This picture shows the linings and end block. It also shows the laminated rib construction that I use on most of my guitars. The end block is given a few coats of shellac for no other reason than I like the look of it through the soundhole. With the notches cut I am now ready to finally fit and glue the back, before moving on to the top linings and soundboard fitting.
Thursday, 3 November 2011
A couple of guitars have recently been finished in the workshop that have used walnut for the back and sides. Neither have been made by me; they are the work of Lawrence (above) and Frank. Lawrence has recently relocated to Australia and we finished his guitar with a week or two to spare before he left. The guitar worked out beautifully; spruce, black walnut and a maple neck, with an elegant African blackwood soundhole inlay. I do hope this has survived the journey out to Australia.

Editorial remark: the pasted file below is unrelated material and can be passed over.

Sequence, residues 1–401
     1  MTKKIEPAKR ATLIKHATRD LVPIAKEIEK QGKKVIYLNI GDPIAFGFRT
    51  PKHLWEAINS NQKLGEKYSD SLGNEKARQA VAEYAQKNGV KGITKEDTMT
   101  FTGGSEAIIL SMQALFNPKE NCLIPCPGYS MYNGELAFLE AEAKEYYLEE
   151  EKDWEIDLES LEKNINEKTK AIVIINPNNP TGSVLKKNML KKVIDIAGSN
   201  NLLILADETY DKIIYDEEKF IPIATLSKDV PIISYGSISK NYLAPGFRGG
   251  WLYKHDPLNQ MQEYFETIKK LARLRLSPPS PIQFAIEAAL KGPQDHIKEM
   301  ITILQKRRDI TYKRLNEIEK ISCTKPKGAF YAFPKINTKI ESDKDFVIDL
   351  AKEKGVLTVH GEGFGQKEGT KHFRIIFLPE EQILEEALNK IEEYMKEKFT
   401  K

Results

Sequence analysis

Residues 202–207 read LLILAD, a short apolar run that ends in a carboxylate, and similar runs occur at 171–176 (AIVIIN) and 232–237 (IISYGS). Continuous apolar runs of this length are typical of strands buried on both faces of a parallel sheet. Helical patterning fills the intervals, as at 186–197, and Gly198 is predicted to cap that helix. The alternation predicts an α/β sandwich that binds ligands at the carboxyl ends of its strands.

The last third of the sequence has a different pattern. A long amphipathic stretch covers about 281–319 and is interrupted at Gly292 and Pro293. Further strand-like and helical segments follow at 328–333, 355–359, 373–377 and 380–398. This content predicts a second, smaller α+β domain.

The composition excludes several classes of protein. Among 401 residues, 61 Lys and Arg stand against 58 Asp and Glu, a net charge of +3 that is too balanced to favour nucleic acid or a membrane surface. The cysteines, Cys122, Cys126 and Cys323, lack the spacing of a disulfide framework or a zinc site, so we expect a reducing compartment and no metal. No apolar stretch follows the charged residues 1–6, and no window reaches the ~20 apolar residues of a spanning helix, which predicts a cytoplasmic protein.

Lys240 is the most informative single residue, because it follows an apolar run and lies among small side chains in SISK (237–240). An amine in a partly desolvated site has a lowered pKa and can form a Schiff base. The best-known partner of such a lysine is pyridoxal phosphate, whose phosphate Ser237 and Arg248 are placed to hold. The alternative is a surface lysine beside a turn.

Frank's guitar has a rather more complicated story. Having already completed a fabulous Macassar ebony 6 string, Frank decided to build on that success by following up with a 12 string using maple and walnut for the back and ribs. I can't quite remember all the twists and turns of this project, but it started as a large bodied 12 string, and ended up as a very fine 6 string tenor guitar. Just the middle courses are doubled.
This picture shows Frank's fine workmanship and the elegant rosewood bridge. Below is the instrument about five minutes after being strung up for the very first time. This is always an exciting moment for any maker, marking the culmination of many hours of work. Frank had come straight from work, hence the smart shirt!